Agencies

[Federal Register Volume 77, Number 243 (Tuesday, December 18, 2012)]
[Notices]
[Pages 74831-74832]
From the Federal Register Online via the Government Printing Office [www.gpo.gov]
[FR Doc No: 2012-30373]


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BUREAU OF CONSUMER FINANCIAL PROTECTION

[Docket No. CFPB-2012-0047]


Fair Credit Reporting Act Disclosures

AGENCY: Bureau of Consumer Financial Protection.

ACTION: Notice regarding charges for certain disclosures under the Fair 
Credit Reporting Act.

-----------------------------------------------------------------------

SUMMARY: The Bureau of Consumer Financial Protection (Bureau) announces 
that the ceiling on allowable

[[Page 74832]]

charges under Section 612(f) of the Fair Credit Reporting Act (FCRA) 
will remain unchanged at $11.50 for 2013. The Bureau is required to 
increase the $8.00 amount referred to in Section 612(f)(1)(A)(i) of the 
FCRA on January 1 of each year, based proportionally on changes in the 
Consumer Price Index for All Urban Consumers (CPI-U), with fractional 
changes rounded to the nearest fifty cents. The CPI-U increased 42.74 
percent between September 1997, the date the FCRA amendments took 
effect, and September 2012. This increase in the CPI-U, and the 
requirement that any increase be rounded to the nearest fifty cents, 
results in no change in the maximum allowable charge of $11.50.

DATES: Effective January 1, 2013.

FOR FURTHER INFORMATION CONTACT: Office of Regulations, Bureau of 
Consumer Financial Protection, 202-435-7700.

SUPPLEMENTARY INFORMATION: Section 612(f)(1)(A) of the Fair Credit 
Reporting Act (the FCRA) provides that a consumer reporting agency may 
charge a consumer a reasonable amount for making a disclosure to the 
consumer pursuant to Section 609 of the FCRA.\1\ Section 612(f)(1)(A) 
of the FCRA provides that, where a consumer reporting agency is 
permitted to impose a reasonable charge on a consumer for making a 
disclosure to the consumer pursuant to Section 609 of the FCRA, the 
charge shall not exceed $8.00 and shall be indicated to the consumer 
before making the disclosure. Section 612(f)(2) of the FCRA states that 
the Bureau shall increase the $8.00 maximum amount on January 1 of each 
year, based proportionally on changes in the Consumer Price Index, with 
fractional changes rounded to the nearest fifty cents.
---------------------------------------------------------------------------

    \1\ This provision, originally Section 612(a), was added to the 
FCRA in September 1996 and became effective in September 1997. It 
was relabeled Section 612(f) by Section 211(a)(1) of the Fair and 
Accurate Credit Transactions Act of 2003 (FACT Act), Public Law 108-
159, which was signed into law on December 4, 2003.
---------------------------------------------------------------------------

    In 2011, the responsibility for performing this task was 
transferred from the Federal Trade Commission to the Bureau pursuant to 
the Dodd-Frank Wall Street Reform and Consumer Protection Act of 
2010.\2\ Like the Federal Trade Commission, the Bureau's calculations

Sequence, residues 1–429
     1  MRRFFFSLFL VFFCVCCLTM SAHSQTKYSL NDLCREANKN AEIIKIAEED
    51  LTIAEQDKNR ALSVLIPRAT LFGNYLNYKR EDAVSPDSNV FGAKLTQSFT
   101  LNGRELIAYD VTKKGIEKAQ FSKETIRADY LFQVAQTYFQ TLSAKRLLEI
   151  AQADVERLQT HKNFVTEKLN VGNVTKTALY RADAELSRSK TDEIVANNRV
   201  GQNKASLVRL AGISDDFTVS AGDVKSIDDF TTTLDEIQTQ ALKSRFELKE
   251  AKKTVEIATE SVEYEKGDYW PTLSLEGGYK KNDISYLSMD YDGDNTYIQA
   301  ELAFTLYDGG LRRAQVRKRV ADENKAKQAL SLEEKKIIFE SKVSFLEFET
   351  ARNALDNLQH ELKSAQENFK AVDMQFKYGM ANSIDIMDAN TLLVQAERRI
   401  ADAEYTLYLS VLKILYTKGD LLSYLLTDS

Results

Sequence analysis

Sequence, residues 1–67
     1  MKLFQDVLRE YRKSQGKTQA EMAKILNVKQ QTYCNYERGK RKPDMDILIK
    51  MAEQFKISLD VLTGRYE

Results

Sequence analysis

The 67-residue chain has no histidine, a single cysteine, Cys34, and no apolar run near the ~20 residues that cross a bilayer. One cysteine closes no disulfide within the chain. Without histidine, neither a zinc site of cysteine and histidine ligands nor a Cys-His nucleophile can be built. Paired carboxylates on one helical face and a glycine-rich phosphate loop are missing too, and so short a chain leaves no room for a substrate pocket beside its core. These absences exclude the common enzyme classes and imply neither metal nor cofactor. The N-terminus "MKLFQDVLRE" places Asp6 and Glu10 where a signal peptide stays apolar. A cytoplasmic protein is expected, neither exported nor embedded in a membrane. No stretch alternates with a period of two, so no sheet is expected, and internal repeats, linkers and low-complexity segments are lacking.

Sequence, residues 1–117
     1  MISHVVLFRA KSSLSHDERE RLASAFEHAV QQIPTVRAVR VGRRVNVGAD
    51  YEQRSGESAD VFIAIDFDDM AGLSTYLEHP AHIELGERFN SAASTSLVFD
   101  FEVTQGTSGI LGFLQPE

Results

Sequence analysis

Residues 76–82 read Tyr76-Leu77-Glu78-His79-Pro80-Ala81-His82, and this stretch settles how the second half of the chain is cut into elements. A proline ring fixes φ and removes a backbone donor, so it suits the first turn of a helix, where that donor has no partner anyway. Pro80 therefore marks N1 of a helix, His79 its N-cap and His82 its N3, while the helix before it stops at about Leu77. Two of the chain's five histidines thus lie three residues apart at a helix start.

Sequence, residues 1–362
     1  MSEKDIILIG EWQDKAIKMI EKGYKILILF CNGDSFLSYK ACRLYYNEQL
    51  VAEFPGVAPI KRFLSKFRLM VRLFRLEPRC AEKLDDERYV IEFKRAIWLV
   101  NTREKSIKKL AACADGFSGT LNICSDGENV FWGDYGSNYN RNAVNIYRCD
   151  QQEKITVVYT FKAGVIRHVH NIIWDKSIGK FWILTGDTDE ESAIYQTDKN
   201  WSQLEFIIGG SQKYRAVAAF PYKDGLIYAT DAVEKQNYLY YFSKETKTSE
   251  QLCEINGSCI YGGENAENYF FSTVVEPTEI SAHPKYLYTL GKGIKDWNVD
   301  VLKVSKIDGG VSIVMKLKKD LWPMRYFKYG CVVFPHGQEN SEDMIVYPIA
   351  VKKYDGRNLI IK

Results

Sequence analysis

are based on the CPI-U, which is the most general Consumer Price Index 
and covers all urban consumers and all items.
---------------------------------------------------------------------------

    \2\ Public Law 111-203, Title X, Section 1088.
---------------------------------------------------------------------------

    Section 211(a)(2) of the FACT Act added a new Section 612(a) to the 
FCRA that gives consumers the right to request free annual disclosures 
once every 12 months. The maximum allowable charge established by this 
notice does not apply to requests made under that provision. The charge 
does apply when a consumer who orders a file disclosure has already 
received a free annual disclosure and does not otherwise qualify for an 
additional free disclosure.
    The Bureau is using the $8.00 amount set forth in Section 
612(f)(1)(A)(i) of the FCRA as the baseline for its calculation of the 
increase in the ceiling on reasonable charges for certain disclosures 
made under Section 609 of the FCRA. Since the effective date of the 
amended FCRA was September 30, 1997, the Bureau calculated the 
proportional increase in the CPI-U from September 1997 to September 
2012. The Bureau then determined what modification, if any, from the 
original base of $8.00 should be made effective for 2013, given the 
requirement that fractional changes be rounded to the nearest fifty 
cents.
    Between September 1997 and September 2012, the CPI-U increased by 
42.74 percent--from an index value of 161.2 in September 1997 to a 
value of 230.1 in September 2012. An increase of 42.74 percent in the 
$8.00 base figure would lead to a new figure of $11.42. However, 
because the statute directs that the resulting figure be rounded to the 
nearest $0.50, the maximum allowable charge is $11.50. The Bureau 
therefore determines that the maximum allowable charge for the year 
2013 will remain unchanged at $11.50.

    Dated: December 8, 2012.
Richard Cordray,
Director, Bureau of Consumer Financial Protection.
[FR Doc. 2012-30373 Filed 12-17-12; 8:45 am]
BILLING CODE 4810-AM-P